Patient-reported physical functioning predicts the success of hematopoietic cell transplantation (BMT CTN 0902).

Publication Type:

Journal Article


Cancer, Volume 122, Issue 1, p.91-8 (2016)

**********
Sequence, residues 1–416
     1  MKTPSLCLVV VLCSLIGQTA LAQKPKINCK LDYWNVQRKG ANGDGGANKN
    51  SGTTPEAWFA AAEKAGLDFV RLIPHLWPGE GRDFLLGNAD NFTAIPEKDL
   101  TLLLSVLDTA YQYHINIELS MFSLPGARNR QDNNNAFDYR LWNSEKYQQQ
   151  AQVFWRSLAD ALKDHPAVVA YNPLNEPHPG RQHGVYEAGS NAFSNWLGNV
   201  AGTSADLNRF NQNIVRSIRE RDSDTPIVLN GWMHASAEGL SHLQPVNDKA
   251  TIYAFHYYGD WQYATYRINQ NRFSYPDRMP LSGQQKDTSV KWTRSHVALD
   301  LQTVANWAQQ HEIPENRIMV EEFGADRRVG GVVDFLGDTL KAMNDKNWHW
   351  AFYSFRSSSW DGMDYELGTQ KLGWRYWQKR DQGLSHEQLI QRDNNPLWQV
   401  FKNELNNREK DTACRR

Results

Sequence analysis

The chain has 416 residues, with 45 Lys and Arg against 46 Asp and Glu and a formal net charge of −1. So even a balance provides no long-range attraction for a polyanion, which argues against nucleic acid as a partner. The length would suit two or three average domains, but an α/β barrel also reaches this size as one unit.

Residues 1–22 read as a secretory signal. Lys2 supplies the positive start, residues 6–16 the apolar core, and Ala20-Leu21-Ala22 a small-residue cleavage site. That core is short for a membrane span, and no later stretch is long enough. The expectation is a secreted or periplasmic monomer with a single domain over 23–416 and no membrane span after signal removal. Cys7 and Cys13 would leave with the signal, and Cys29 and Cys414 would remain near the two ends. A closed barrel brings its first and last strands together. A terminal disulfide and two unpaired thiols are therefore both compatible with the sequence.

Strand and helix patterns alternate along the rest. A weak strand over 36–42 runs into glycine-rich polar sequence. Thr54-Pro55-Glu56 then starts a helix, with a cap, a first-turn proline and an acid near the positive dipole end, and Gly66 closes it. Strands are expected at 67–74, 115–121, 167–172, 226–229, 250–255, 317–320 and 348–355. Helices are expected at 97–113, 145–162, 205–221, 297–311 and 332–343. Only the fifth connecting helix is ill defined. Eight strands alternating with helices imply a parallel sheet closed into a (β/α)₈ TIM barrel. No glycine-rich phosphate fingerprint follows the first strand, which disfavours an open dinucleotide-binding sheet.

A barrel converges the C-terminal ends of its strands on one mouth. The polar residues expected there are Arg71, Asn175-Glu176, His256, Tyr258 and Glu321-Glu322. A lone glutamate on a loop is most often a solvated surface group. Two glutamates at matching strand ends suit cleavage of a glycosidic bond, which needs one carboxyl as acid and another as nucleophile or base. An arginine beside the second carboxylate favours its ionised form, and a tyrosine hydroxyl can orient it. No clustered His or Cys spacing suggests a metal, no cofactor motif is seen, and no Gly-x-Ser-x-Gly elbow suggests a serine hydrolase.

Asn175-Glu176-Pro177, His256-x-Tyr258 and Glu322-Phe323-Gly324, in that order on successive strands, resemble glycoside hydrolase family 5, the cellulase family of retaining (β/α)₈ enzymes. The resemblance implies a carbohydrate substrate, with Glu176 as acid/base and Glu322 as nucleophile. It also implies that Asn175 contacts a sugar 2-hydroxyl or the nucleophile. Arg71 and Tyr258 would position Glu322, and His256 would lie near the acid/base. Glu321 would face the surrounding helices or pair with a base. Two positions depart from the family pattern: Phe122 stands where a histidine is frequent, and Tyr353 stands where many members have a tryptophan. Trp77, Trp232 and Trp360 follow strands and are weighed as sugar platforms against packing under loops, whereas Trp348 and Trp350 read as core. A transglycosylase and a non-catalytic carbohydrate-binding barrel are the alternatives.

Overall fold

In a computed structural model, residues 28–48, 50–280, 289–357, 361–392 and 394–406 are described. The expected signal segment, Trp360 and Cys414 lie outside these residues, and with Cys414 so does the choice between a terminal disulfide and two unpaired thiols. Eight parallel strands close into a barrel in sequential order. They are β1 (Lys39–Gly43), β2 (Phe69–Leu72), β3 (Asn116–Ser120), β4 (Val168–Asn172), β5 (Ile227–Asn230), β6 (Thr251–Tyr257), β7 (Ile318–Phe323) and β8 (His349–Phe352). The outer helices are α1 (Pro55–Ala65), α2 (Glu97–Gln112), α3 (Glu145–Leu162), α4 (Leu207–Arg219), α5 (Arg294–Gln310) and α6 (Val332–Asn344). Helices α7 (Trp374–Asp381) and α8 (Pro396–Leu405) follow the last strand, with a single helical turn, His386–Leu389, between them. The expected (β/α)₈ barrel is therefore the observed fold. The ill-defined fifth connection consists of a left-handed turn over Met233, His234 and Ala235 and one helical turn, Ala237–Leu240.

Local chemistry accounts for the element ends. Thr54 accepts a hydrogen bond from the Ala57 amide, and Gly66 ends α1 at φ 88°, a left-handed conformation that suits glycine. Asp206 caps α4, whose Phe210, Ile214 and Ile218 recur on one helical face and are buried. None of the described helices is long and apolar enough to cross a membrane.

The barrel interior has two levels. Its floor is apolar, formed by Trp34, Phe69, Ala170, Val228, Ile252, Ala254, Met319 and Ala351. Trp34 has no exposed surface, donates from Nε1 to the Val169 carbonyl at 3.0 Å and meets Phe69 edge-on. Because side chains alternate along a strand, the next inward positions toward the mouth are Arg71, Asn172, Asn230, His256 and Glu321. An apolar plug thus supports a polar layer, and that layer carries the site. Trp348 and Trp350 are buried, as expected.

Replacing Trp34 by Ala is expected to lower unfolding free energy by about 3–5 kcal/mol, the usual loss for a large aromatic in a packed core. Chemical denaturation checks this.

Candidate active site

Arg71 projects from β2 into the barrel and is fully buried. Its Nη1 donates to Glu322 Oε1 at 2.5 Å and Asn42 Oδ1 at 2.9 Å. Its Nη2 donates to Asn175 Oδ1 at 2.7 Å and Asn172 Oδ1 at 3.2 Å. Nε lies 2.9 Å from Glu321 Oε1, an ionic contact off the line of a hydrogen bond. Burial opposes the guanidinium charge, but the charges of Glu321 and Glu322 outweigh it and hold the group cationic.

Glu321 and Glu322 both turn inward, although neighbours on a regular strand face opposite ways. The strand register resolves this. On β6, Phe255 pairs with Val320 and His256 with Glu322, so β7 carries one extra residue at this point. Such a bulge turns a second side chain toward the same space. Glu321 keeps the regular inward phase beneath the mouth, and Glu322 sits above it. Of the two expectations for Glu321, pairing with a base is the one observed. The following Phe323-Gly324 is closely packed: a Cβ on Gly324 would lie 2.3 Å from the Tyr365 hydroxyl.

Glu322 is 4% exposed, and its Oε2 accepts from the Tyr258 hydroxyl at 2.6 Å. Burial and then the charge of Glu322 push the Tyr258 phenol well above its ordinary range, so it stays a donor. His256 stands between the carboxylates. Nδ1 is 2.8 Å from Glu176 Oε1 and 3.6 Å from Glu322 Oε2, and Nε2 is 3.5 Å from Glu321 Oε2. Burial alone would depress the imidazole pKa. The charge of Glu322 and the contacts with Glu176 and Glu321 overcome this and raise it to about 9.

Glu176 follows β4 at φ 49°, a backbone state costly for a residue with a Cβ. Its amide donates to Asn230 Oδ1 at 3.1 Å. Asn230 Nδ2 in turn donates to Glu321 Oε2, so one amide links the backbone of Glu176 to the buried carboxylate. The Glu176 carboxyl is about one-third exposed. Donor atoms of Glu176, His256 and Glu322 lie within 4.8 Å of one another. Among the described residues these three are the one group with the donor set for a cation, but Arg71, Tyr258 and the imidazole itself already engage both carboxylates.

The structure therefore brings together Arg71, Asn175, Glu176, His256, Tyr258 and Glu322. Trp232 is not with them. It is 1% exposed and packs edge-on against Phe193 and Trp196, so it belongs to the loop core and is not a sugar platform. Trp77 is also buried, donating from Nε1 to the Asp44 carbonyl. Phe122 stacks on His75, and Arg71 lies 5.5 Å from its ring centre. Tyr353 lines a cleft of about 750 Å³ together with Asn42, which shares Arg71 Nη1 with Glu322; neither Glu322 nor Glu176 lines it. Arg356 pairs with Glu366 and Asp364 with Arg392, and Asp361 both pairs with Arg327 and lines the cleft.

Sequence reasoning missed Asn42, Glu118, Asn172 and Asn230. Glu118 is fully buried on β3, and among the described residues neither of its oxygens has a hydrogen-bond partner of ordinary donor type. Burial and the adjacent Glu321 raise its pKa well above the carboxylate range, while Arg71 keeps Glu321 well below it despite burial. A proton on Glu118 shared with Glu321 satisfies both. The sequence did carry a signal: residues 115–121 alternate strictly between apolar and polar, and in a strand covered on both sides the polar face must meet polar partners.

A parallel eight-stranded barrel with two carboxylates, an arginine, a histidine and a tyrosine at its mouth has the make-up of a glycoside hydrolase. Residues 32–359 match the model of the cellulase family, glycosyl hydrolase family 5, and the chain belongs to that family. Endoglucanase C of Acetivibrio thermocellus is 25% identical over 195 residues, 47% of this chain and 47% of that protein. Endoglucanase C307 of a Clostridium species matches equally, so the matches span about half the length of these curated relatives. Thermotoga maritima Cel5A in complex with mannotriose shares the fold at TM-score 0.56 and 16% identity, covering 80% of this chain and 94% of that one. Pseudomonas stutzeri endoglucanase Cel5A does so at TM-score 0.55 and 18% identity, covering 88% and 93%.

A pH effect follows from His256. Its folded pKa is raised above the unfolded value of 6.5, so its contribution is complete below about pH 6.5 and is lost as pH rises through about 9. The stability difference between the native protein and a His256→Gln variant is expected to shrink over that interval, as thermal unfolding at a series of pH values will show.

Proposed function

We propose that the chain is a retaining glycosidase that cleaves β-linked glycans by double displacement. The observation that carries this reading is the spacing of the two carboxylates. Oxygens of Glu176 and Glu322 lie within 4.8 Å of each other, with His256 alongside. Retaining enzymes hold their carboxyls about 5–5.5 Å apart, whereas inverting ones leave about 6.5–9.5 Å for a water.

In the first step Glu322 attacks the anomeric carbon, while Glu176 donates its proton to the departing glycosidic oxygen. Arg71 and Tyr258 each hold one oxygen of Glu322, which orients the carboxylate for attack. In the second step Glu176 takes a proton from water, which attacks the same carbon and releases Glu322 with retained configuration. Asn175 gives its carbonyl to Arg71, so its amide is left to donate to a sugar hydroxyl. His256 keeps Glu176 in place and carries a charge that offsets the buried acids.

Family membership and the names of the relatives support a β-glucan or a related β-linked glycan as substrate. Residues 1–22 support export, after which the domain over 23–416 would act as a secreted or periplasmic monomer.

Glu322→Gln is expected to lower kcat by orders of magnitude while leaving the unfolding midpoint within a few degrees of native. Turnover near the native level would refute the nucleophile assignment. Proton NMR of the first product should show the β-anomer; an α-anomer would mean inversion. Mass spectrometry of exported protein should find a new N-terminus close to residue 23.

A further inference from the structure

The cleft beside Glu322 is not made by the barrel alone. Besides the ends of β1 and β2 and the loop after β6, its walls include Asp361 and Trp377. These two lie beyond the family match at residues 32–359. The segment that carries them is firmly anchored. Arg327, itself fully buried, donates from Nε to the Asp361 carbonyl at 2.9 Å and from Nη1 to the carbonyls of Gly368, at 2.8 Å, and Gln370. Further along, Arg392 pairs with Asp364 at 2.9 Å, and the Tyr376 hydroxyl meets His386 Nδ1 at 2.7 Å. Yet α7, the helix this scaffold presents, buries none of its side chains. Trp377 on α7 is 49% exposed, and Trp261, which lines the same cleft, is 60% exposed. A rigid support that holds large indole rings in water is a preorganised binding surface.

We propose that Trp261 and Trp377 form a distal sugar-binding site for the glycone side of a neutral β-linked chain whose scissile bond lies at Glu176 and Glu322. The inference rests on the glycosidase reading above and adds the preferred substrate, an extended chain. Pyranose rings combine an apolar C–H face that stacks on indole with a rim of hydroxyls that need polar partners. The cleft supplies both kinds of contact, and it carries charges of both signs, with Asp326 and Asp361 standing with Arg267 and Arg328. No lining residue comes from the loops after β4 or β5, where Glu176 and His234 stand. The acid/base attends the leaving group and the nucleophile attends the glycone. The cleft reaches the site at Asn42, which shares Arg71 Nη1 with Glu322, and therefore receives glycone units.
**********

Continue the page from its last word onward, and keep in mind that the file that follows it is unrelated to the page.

BACKGROUND: In hematopoietic cell transplantation (HCT), current risk adjustment strategies are based on clinical and disease-related variables. Although patient-reported outcomes (PROs) predict mortality in multiple cancers, they have been less well studied within HCT. Improvements in risk adjustment strategies in HCT would inform patient selection, patient counseling, and quality reporting. The objective of the current study was to determine whether pre-HCT PROs, in particular physical health, predict survival among patients undergoing autologous or allogeneic transplantation. METHODS: In this secondary analysis, the authors studied pre-HCT PROs that were reported by 336 allogeneic and 310 autologous HCT recipients enrolled in the Blood and Marrow Transplant Clinical Trials Network (BMT CTN) 0902 protocol, a study with broad representation of patients who underwent transplantation in the United States. RESULTS: Among allogeneic HCT recipients, the pre-HCT Medical Outcomes Study Short Form-36 Health Survey (SF-36) physical component summary (PCS) scale independently predicted overall mortality (hazards ratio, 1.40 per 10-point decrease; P<.001) and performed at least as well as currently used, non-PRO risk indices. Survival probability estimates at 1 year for the first, second, third, and fourth quartiles of the baseline PCS were 50%, 65%, 75%, and 83%, respectively. Early post-HCT decreases in PCS were associated with higher overall and treatment-related mortality. When adjusted for patient variables included in the US Stem Cell Therapeutic Outcomes Database model for transplant center-specific reporting, the SF-36 PCS retained independent prognostic value. CONCLUSIONS: PROs have the potential to improve prognostication in HCT. The authors recommend the routine collection of PROs before HCT, and consideration of the incorporation of PROs into risk adjustment for quality reporting. Cancer 2015. © 2015 American Cancer Society.